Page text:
In contrast, consider the following show route brief command output:

When selecting the route-table/rt elements, there is no corresponding <name> element to uniquely identify each route entry. When the <name> identifier is absent, the key property must specify which tag or tags uniquely identify each item. In this case, you can uniquely identify each route-table/rt item by using <rt-destination> as the key.

Table items can be defined by a key consisting of a single element or multiple elements. Single-element keys use a simple XPath expression for the value of the key property. Composite keys are defined by a list of XPath expressions. Consider the following Table definition:

The composite key for this Table definition might be similar to the following:

If a composite key references a missing element, Junos PyEZ replaces the value in the key with None.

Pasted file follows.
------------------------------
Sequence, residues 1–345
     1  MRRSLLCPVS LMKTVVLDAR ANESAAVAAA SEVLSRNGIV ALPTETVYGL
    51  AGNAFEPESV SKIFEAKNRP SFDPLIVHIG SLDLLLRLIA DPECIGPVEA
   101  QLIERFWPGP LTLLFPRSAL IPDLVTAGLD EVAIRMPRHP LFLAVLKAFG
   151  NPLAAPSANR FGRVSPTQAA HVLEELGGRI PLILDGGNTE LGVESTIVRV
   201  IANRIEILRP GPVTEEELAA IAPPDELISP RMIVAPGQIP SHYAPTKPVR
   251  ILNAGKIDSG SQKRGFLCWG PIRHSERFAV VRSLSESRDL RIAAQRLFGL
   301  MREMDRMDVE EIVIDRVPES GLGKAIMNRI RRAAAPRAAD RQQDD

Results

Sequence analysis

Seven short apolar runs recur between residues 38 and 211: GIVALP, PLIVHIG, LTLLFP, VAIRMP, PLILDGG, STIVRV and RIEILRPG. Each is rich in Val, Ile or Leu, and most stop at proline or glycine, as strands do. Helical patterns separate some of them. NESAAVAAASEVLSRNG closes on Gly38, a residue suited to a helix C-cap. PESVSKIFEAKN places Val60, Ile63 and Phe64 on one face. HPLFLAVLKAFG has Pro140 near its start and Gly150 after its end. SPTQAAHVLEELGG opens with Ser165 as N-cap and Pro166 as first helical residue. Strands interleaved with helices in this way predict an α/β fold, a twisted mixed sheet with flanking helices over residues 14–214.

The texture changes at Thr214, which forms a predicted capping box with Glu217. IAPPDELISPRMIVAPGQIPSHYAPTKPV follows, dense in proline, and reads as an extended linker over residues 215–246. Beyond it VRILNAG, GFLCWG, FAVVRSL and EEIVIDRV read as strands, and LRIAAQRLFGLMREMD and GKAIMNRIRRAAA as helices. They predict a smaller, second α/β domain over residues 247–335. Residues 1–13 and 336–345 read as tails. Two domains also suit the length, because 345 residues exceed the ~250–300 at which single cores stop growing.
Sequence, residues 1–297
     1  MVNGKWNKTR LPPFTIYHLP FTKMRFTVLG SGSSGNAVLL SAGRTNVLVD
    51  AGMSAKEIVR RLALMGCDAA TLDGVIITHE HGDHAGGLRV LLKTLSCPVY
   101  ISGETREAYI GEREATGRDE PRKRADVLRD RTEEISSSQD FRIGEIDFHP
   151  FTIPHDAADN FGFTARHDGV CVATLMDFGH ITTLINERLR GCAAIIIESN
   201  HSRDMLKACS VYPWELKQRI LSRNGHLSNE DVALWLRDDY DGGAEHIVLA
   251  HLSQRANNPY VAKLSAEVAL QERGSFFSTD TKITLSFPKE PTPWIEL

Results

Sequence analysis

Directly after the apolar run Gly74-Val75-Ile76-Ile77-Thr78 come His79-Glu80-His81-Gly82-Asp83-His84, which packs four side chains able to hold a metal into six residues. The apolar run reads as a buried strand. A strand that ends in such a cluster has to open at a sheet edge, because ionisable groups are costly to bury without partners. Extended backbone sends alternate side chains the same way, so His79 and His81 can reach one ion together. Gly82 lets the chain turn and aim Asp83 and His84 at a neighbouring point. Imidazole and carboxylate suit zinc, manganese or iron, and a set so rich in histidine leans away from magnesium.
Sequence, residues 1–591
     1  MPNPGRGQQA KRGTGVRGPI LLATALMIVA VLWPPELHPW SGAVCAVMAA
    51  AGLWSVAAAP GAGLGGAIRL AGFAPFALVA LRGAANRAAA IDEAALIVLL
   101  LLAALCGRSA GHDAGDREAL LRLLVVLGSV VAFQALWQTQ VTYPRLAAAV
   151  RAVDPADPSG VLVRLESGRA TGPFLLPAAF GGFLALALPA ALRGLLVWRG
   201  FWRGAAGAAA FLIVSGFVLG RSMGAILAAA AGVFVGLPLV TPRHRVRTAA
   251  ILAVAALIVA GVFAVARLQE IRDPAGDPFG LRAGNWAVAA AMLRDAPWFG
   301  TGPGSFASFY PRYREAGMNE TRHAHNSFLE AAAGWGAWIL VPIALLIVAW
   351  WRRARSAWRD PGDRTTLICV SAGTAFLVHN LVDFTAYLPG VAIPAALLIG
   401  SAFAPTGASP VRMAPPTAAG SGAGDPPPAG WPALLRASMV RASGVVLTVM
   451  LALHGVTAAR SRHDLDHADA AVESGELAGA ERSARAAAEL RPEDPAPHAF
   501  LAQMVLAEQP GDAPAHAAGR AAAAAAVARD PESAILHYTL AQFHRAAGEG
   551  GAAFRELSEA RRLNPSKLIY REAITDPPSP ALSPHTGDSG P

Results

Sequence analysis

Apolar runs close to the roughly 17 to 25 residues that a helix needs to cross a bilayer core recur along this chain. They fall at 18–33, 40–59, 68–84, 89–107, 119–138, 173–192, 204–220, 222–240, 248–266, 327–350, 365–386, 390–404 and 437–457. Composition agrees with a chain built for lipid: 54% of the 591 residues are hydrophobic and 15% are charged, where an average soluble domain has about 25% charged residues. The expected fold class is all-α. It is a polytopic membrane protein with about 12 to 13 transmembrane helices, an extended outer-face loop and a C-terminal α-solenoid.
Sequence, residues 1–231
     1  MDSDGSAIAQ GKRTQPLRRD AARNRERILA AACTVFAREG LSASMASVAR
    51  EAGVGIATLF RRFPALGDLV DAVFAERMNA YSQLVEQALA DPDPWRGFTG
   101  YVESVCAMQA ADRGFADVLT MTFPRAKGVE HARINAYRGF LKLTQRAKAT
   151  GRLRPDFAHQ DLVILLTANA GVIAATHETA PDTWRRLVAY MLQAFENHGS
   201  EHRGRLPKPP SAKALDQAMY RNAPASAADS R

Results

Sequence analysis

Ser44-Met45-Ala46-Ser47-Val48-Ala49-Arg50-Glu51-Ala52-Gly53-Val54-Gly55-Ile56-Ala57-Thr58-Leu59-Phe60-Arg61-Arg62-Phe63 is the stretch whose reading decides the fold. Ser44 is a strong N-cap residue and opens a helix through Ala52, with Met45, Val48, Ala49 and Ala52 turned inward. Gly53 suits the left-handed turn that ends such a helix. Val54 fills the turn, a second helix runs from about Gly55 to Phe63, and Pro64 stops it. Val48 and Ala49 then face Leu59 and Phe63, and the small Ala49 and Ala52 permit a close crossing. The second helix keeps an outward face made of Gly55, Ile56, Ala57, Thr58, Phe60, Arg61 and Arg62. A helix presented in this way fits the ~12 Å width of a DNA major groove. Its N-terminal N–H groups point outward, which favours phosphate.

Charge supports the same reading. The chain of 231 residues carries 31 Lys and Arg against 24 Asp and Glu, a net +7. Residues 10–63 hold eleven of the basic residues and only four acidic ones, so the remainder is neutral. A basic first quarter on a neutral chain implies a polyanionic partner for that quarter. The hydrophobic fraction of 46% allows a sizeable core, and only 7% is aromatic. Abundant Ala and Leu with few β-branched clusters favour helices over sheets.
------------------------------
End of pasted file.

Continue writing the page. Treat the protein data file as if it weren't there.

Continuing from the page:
The key property also supports the XPath union ( | ) operator. For example, the LLDPNeighborTable, which is shown here for reference, can select the lldp-local-interface and lldp-local-port-id elements as keys:

When the key property uses the union operator, each key present in the RPC reply is added to the list of keys. The union operator can be used to specify an implicit "or" and is useful in situations where different tag names are present for different types of configurations or releases. For example, if the RPC returns lldp-local-interface as the identifier for one device, and the same RPC returns lldp-local-port-id as the identifier for another device, the Table automatically selects the appropriate key.

Table View (view)

The view property associates the Table definition with a particular View. A View maps your user-defined field names to elements in the selected Table items using XPath expressions. You can customize the View to only select the necessary elements from the Table items.